World

CASHING IN ON CLEANER AIR

DANYLO HAWALESHKA December 22 1997
World

CASHING IN ON CLEANER AIR

DANYLO HAWALESHKA December 22 1997

CASHING IN ON CLEANER AIR

Dale Johnson could use some good news. For more than 14 years, Johnson has toiled long hours trying to make his company, Wind Power Inc. of Pincher Creek, Alta., a success. During good times he has employed 30 people, but today only he and one other staff member remain in the tough Alberta market for alternative energy. Now, as he struggles with his dream of generating electricity from wind, Johnson cautiously welcomes the news out of Kyoto, Japan, convinced that governments may spend more money on supporting businesses like his. “It leaves room for optimism,” Johnson says.

Where there are winners, there are often losers: a number of industries face potential job losses because of the Kyoto protocol. David Manning, president of the Canadian Association of Petroleum Producers, says those losses will exceed any job gains made

through alternative energy. "You can’t take all the people mining coal today and have them producing windmills tomorrow,” he says. Gary Gallon, head of the Montreal-based Canadian Institute for Business and the Environment, concedes some jobs are indeed likely to disappear in the $30-billion a year oil-and-gas sector. But he predicts the job losses will be more than offset by gains in Canada’s environment industries, which already consist of 4,000 companies generating revenues of $15.7 billion a year. “There will be dislocation and disruption,” Gallon says. “But the only constant in an economy is change.”

Among those poised to ride the new wave are entrepreneurs like Tom Tamblyn. As president of Tescor Energy Services Inc., Tamblyn’s Torontobased company counsels clients on upgrades to improve air circulation, heating and lighting—creating energy-efficient “smart buildings.” While energy cost savings typically range between 20 and 30 per cent, Tamblyn says many business people still ignore energy efficiency. Kyoto, he adds, will help change that by increasing public awareness and “forcing everyone to have a more holistic look at what we’re doing.”

An integrated approach is also at the core of Woodrising Consulting Inc. of Erin, Ont. The small firm is marketing a service that analyzes emissions for clients and suggests ways of reducing or offsetting emissions. Instead of attacking the problem at the factory, for example, companies could invest in green alternatives—reforestation, car pooling or public transit. Woodrising consultant Neil Bird says that Kyoto will mean more companies looking for imaginative solutions. “We’re going to get busy,” Bird says. “Are we going to get busy tomorrow? Probably not. Are we going to get busy in a year? Yes.”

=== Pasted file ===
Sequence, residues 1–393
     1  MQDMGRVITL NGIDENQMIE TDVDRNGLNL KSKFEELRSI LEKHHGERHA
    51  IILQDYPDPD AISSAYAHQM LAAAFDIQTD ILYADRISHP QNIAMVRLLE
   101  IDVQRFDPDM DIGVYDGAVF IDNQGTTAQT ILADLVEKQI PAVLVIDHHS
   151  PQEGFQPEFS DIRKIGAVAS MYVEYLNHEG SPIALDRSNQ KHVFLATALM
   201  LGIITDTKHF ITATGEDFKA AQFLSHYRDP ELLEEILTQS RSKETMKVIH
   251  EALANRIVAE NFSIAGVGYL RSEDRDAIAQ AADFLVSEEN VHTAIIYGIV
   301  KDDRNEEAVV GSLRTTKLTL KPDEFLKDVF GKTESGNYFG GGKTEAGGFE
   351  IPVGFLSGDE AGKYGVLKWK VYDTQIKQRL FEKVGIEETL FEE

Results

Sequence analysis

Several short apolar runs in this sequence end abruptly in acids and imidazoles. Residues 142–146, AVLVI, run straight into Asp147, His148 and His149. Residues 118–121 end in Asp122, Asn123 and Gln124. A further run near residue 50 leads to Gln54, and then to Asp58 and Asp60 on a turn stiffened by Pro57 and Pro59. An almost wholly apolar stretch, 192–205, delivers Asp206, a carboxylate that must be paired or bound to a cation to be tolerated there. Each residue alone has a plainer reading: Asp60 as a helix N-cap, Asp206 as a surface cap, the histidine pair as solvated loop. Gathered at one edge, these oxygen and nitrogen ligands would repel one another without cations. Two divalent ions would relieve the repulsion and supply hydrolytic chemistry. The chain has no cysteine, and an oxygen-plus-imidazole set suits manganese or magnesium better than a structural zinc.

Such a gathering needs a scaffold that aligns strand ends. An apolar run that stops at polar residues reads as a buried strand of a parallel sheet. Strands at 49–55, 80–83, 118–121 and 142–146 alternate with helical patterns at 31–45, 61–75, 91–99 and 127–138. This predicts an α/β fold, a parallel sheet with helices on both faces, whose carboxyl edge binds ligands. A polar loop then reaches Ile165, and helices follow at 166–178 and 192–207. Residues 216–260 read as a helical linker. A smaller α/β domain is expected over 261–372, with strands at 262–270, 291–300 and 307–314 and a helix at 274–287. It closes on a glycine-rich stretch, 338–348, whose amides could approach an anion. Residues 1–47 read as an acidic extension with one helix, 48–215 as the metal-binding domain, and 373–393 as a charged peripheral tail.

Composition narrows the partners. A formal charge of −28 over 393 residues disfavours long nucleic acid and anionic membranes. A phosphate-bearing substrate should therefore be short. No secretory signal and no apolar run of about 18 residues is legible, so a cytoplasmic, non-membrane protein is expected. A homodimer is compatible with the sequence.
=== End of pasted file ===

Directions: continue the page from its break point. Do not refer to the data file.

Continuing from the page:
While energy savers look forward to the future, so, too, do some energy providers. One of the most formidable is Atomic Energy of Canada Ltd., supplier of CANDU nuclear reactors. And in a greenhouse gas-conscious world, says Allen Kilpatrick, AECL’s vicepresident of marketing and sales, that can mean only good things. “In our minds, it will unquestionably increase the use of nuclear power,” he says.

Power also lies buried in garbage dumps. Methane, produced by decaying organic material, is a greenhouse gas 30 times more potent than carbon dioxide. A study for the Canadian Institute for Environmental Law and Policy reported last week that only 10 landfills in Canada collect and combust methane to generate electricity. According to Greg Jenish, the report's author, if Canada could convert 60 per cent of its landfill methane to electricity, the country could cut a significant portion of its emissions. “Any city of about 100,000 people is likely to have a landfill large enough to support a methane-gas capture system,” Jenish says. In a post-Kyoto world, there seems to be an abundant potential for clearing the air.

DANYLO HAWALESHKA